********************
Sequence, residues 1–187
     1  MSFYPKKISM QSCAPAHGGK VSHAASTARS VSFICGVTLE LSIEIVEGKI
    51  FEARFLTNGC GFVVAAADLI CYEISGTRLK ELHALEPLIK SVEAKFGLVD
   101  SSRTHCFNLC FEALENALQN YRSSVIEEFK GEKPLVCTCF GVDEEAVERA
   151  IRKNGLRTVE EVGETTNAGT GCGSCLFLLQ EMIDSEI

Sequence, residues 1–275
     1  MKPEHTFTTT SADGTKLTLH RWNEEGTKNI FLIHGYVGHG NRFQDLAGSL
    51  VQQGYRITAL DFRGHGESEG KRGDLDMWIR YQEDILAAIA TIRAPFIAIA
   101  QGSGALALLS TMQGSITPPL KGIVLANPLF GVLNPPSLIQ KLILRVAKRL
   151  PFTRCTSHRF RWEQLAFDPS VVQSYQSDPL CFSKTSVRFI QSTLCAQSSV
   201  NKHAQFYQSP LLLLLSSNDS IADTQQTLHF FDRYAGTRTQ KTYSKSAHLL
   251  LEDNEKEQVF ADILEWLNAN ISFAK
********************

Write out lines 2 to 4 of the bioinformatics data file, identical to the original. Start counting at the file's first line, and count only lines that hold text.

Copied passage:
     1  MSFYPKKISM QSCAPAHGGK VSHAASTARS VSFICGVTLE LSIEIVEGKI
    51  FEARFLTNGC GFVVAAADLI CYEISGTRLK ELHALEPLIK SVEAKFGLVD
   101  SSRTHCFNLC FEALENALQN YRSSVIEEFK GEKPLVCTCF GVDEEAVERA